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Revealed: £11m swiped from pharmacies since 2020 over patient paperwork errors

The NHS Business Services Authority (NHS BSA) reclaimed over £3 million from pharmacies just last year due to patients failing to sign their prescription exemptions, C+D can exclusively reveal. 

A single “entirely bureaucratic error” has cost English pharmacies almost £11m since 2020, C+D can reveal.

If the NHS BSA does not agree that a paper prescription should have been processed as exempt from payment, it will reclaim the cost of the prescription from the pharmacy that dispensed it through a process known as switching.

“Over 95% of NHS prescriptions are now electronic, considerably reducing the occurrence and impact of switching,” Community Pharmacy England (CPE) drug tariff and reimbursement manager Suraj Shah told C+D earlier this year (March 22).

But now, C+D can reveal that exemption forms left unsigned by patients in England cost pharmacies £3,034,942.50 last year alone.

A C+D freedom of information (FOI) request to the NHS BSA found that between January 1 2020 and February 28 2024, the NHS BSA clawed back a total of £10,923,633.10 from English pharmacies.

All reclaimed cash was due to “the signature of the patient or patient’s representative [being] missing”, the NHS BSA said. 


“Penalising pharmacy” 


Commenting on the reclaimed cash, contractor Mark Bartley asked why “in the digital age” patients have to “physically sign scripts”.

“Things like prepayments and medical exemptions are done online,” he said.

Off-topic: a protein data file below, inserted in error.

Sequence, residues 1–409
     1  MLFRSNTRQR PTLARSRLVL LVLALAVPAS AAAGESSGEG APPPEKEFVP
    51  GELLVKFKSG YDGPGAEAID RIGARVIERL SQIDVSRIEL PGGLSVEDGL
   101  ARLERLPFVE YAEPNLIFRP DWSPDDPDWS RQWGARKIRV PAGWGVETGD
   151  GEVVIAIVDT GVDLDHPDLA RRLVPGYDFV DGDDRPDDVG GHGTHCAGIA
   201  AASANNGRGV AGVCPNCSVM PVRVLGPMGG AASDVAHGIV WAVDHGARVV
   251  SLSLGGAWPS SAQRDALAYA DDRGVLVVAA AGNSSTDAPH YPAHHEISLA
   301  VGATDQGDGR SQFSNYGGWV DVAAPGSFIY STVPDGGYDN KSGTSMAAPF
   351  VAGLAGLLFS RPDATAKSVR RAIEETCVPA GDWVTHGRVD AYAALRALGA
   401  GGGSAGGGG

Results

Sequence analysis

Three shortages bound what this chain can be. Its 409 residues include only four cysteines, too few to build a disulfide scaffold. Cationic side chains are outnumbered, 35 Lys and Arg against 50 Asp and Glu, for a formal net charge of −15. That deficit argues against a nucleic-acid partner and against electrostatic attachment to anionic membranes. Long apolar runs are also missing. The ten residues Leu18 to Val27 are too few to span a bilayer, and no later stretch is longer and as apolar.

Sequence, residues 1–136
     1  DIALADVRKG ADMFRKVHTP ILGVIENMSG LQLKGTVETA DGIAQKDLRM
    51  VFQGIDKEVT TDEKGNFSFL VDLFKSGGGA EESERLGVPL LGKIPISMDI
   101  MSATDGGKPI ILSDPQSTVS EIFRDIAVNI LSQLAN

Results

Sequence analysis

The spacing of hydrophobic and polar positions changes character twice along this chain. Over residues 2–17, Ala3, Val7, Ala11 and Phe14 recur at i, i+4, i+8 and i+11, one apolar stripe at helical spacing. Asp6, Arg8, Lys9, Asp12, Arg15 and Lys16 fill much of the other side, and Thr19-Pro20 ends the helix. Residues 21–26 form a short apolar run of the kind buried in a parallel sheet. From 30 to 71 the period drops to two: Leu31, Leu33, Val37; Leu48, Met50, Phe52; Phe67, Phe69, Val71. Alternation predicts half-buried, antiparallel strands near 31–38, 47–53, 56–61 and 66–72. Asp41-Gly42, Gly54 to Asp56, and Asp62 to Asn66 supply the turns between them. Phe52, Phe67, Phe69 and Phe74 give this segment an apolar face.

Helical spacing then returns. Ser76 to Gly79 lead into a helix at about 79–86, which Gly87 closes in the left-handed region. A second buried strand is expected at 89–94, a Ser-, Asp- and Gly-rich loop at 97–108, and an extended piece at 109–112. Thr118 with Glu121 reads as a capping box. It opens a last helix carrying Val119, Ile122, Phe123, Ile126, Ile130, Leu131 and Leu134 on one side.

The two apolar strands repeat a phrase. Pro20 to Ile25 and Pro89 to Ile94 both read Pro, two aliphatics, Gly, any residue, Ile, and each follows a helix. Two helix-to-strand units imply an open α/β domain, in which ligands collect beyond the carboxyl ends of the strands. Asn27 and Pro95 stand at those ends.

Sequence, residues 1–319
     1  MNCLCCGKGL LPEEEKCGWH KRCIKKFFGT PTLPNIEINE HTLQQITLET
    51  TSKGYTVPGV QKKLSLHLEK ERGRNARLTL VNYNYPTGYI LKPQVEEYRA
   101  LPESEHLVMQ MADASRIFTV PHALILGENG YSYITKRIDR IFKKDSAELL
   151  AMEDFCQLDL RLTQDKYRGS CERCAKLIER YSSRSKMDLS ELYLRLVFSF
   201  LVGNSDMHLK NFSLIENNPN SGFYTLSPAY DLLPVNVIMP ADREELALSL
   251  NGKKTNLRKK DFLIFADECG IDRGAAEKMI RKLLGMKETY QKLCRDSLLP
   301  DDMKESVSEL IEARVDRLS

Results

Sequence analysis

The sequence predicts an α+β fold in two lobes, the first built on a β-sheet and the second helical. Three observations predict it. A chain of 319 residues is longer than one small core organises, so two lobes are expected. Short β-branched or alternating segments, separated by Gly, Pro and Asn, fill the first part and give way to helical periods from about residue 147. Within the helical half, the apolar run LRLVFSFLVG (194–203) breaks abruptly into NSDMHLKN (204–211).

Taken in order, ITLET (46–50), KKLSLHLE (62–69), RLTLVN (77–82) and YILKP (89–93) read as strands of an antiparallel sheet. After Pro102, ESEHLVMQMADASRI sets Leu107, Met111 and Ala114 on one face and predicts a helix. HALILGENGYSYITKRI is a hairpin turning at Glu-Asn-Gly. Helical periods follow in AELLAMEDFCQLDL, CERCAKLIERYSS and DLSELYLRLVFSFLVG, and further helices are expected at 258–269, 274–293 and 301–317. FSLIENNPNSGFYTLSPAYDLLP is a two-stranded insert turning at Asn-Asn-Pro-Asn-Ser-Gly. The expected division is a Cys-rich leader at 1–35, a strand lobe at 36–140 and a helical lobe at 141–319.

“Why if the person holds a digital exemption can the two not automatically be linked up without penalising the pharmacy?” he added.


“All it can take is just one slip of somebody forgetting to get a prescription signed and if it's a big prescription, it could cost the pharmacy quite a lot,” Bartley told C+D.

He added that if an exemption is “unclear”, pharmacies “should be allowed some kind of return on it” after checking the patient’s status rather than the NHS BSA “simply charging the pharmacy”.

“It makes you wonder what happens that money,” he said. “Does it go back into the global sum in some way, or just get drifted off into government?”


“Perilous financial strain”


Reacting to the data yesterday (June 6), pharmacist Ben Merriman told C+D that the clawback is “completely unacceptable”.

He added that it is “unfair” that pharmacies already under “perilous financial strain are being punished for what is an entirely bureaucratic error”.

“A single missed tick in a box or signature in the wrong place could lead to tens of pounds being deducted from a pharmacy's monthly payment,” he said.

Deeming prescription charges a “tax on sickness”, he added that they must “be abolished and abolished soon to ensure that our patients do not have to make the awful decision of choosing which of their medicines…is worth more to them”.

C+D approached the NHS BSA and the Department of Health and Social Care (DH) for comment.

In April, the government announced it would hike prescription charges in England by 25p – the second year in a row it has increased the levy. England remains the only country in the UK to charge a levy for NHS prescriptions.

Meanwhile, the National Pharmacy Association (NPA) this week (June 4) announced a “day of protest action” to highlight the “emergency across the community pharmacy sector”.

The membership body revealed that it chose the date of June 20 for the event because this represents “the day from which the average pharmacy across the four nations will be lossmaking overall”.

“There is typically only enough NHS funding to cover costs for the first three weeks of any month – after which the pharmacy service is effectively subsidised by the business,” it said.

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